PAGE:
By Jackie S.

The next installment of Caroline Knapp’s story digs deeper into the life of the functional alcoholic.  She talks about the difference between perception and reality.  How it looks to the world like she is holding it all together, but inside she is falling apart.  Like the Smokey Robinson tune, she used humor to hide her tears. By deflecting her depression and sadness through humor, she was able to hide her depression from everyone – even from herself.

perceptionI was a young lawyer working for a large financial institution and a woman married to a very controlling perfectionist.  Therefore, I lived in two completely different worlds.  The only place I would refuse to drink was on the job, but I had to do that part of my life perfectly.  I appeared for all intents and purposes to be a workaholic ( c’mon – do alcoholics do ANYTHING part way?) and can remember twice rewriting contracts on New Year’s Eve, continuing until the wee hours of New Year’s Day.  How could I possibly be an alcoholic if I didn’t even drink on New Year’s?

Later I understood why so many of my compatriots referred to that holiday as Amateur Hour.  And still I worked, often late into the evening.  My boss expected long hours of me and my co-workers and we were happy to oblige.  I became the comedian.  Everything that we worked on was high tension and it was my job to provide comic relief with suave finesse.  I could do this because as long as I was at work I would not drink.  The drink was the reward at the end of a very long day of work and crafted humor.  By the time I got home, the husband was already asleep.  I could go to the basement, pull out my bottle and relax until I passed out.  When I was able to work late, I had the perfect life.

However, there were many days when I was able to leave the office at a normal hour and that is where a large part of my drinking story lies. I need to share with you a story about metamorphosis – the transformation of Jackie from woman of power in the workplace to dominated mouse in the homestead.  And all of this would happen on the bus ride from the office downtown to the house in the upwardly mobile urban bedroom community.  As I said before, I was married to a controlling perfectionist.  It was not until later in my life that I learned his bullying behavior was really an attempt to deal with his own underlying lack of self-esteem.  I was a strong and confident woman and he needed to break me like a wild pony. 

Picture courtesy

On days when I would leave work while it was still daylight and head to my home, I would board the bus with an air of assuredness.  Slowly but surely, on that bus ride home, that self-assured woman would dissipate into a puddle of uncontrollable fear and anxiety.  Who would be waiting behind that front door when I came through it?  Would it be a sullen father figure ready to belittle me or an angry tormentor, ready to castigate my very existence?  Or maybe I would just get the silent treatment.  That would leave me fretfully trying to figure out what I had done wrong and trying to fix it, without even knowing what “it” was.  On those nights, I did what I could to pull together dinner and clean up afterward.  Then I would busy myself with “work matters” on my laptop at home until my torturer would go to his office to “work” and then to sleep.  When he left the main part of the house, I was free to retreat to my safe harbor, the basement and my bottles.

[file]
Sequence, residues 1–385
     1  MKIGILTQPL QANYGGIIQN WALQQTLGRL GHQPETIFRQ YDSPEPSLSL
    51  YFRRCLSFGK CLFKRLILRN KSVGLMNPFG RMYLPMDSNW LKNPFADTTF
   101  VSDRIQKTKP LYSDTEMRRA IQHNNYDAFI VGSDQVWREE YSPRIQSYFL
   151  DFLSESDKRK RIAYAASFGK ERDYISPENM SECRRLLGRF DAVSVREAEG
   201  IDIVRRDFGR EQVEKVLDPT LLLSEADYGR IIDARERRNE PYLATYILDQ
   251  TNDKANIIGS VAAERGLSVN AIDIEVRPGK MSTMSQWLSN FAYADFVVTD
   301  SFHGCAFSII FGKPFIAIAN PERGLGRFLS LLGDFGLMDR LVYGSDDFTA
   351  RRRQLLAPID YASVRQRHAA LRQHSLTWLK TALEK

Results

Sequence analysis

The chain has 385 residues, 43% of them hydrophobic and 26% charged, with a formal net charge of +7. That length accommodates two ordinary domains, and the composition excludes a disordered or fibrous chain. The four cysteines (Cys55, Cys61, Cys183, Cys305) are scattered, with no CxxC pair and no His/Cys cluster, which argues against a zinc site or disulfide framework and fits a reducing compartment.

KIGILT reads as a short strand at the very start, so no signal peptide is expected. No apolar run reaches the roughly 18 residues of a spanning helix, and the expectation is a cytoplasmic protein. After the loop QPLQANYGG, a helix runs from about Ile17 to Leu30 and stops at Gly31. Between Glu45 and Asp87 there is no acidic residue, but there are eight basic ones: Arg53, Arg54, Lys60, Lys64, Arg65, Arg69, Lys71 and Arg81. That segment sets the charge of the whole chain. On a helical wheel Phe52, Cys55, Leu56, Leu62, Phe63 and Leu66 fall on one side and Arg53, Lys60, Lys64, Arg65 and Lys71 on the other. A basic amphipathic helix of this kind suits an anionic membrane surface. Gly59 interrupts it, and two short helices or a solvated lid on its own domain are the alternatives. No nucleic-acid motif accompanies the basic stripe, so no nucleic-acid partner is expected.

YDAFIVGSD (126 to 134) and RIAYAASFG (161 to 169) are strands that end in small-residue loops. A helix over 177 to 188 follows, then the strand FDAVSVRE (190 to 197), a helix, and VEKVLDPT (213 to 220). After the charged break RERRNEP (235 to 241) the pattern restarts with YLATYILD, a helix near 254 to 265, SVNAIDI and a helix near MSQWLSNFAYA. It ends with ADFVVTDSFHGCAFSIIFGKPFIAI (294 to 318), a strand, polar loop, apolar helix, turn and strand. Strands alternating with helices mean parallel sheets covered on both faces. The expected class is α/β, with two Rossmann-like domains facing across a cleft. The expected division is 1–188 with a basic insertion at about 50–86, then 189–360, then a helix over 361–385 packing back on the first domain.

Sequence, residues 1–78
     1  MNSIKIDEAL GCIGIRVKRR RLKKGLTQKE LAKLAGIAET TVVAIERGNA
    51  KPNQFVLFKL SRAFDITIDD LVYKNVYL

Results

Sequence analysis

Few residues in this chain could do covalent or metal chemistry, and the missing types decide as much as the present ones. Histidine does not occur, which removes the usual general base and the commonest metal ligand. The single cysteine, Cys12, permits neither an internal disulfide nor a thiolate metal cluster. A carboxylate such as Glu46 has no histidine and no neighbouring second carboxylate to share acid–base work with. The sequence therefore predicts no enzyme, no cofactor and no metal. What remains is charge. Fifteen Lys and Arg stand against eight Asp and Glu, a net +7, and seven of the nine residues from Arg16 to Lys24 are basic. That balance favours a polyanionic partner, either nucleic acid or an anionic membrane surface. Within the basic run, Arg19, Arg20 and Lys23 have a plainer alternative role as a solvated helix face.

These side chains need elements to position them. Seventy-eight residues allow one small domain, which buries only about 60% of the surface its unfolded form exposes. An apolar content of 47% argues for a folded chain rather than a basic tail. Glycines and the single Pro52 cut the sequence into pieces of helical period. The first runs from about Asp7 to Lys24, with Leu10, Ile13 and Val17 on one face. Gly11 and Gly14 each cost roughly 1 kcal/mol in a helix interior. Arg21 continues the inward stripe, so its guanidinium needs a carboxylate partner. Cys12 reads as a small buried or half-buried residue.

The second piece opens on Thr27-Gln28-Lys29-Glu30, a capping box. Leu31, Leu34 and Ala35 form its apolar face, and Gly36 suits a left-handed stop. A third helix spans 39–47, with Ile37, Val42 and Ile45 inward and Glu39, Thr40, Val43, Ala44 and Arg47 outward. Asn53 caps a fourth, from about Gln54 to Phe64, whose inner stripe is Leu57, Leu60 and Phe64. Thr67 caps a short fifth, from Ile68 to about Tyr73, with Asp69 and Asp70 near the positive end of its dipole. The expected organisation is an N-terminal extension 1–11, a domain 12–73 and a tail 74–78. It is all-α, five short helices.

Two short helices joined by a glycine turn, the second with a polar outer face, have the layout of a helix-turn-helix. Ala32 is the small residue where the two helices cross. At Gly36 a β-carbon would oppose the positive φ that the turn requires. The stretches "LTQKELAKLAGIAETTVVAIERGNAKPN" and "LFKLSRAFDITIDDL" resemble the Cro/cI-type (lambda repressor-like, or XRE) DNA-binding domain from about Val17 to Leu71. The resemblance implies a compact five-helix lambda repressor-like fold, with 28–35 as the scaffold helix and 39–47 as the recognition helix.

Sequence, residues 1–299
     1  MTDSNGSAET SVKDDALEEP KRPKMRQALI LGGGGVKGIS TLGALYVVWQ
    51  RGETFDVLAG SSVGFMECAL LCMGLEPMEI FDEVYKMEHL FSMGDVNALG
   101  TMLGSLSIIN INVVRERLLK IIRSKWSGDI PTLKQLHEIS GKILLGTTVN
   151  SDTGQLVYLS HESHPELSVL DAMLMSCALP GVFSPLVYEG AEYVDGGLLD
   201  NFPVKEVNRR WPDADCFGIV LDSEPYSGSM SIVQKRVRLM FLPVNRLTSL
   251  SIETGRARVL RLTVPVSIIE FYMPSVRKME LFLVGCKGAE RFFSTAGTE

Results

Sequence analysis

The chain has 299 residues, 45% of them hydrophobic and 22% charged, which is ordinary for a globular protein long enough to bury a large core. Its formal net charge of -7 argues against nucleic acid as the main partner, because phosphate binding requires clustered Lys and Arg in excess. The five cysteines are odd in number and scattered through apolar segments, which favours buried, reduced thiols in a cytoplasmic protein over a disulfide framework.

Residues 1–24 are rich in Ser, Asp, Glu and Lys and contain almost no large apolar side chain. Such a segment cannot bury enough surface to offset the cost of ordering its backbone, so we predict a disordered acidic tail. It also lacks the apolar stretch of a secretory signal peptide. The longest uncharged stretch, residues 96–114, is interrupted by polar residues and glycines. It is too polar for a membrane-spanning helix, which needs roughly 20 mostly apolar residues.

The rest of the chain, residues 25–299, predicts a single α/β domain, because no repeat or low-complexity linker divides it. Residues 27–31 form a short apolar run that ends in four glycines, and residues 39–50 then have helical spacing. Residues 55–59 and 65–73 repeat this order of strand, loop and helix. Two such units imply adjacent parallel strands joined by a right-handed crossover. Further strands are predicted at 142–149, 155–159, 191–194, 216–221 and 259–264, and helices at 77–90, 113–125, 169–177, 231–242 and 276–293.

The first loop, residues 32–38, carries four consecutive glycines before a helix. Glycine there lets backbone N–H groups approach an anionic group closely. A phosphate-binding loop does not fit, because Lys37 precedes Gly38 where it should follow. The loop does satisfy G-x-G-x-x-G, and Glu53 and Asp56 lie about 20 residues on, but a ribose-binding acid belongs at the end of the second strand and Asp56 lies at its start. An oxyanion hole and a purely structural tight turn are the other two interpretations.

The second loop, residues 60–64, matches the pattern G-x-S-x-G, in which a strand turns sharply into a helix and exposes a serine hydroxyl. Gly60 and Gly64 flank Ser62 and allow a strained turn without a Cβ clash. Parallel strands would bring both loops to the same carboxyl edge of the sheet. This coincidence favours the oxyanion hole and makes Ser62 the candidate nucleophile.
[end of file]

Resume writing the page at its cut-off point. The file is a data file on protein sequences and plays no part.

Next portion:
Somewhere in the back of my mind I knew that I was killing myself ever so slowly.  And as Catherine stated in her story:

In periodic flashes like that I’d be painfully aware that I was living badly, just plain living wrong. But I refused to completely acknowledge or act on that awareness, so the feeling just festered inside like a tumor. Gradually eating away at my sense of dignity…as long as the outsides of your life remain intact…it’s very hard to accept that the insides, the pieces of you that have to do with integrity and self-esteem, are slowly rotting away.

I was leaving my self-esteem and integrity in pieces and puddles on the basement stairs. And for a time, each morning, I would gather up what was remaining and charge into the next work day.



Nicola is our Blog and Article Editor at Her work has been published internationally in many publications. She is a qualified Reflexologist, Masseuse and Life Coach. She has created content for for many years and was Editor at She has lived with type 1 diabetes since she was 7 years old.


  1. Thank you Jackie I can so relate to the book and to your story too! Especially about the coming home and feeling like I was walking on eggshells until he went to sleep. Then I could breathe. xoxox

  2. Thank you for your support and for sharing your story as well. WE are all so much more alike than we are different and that is the reason that Caroline wrote the book and that I am reviewing it with my story.

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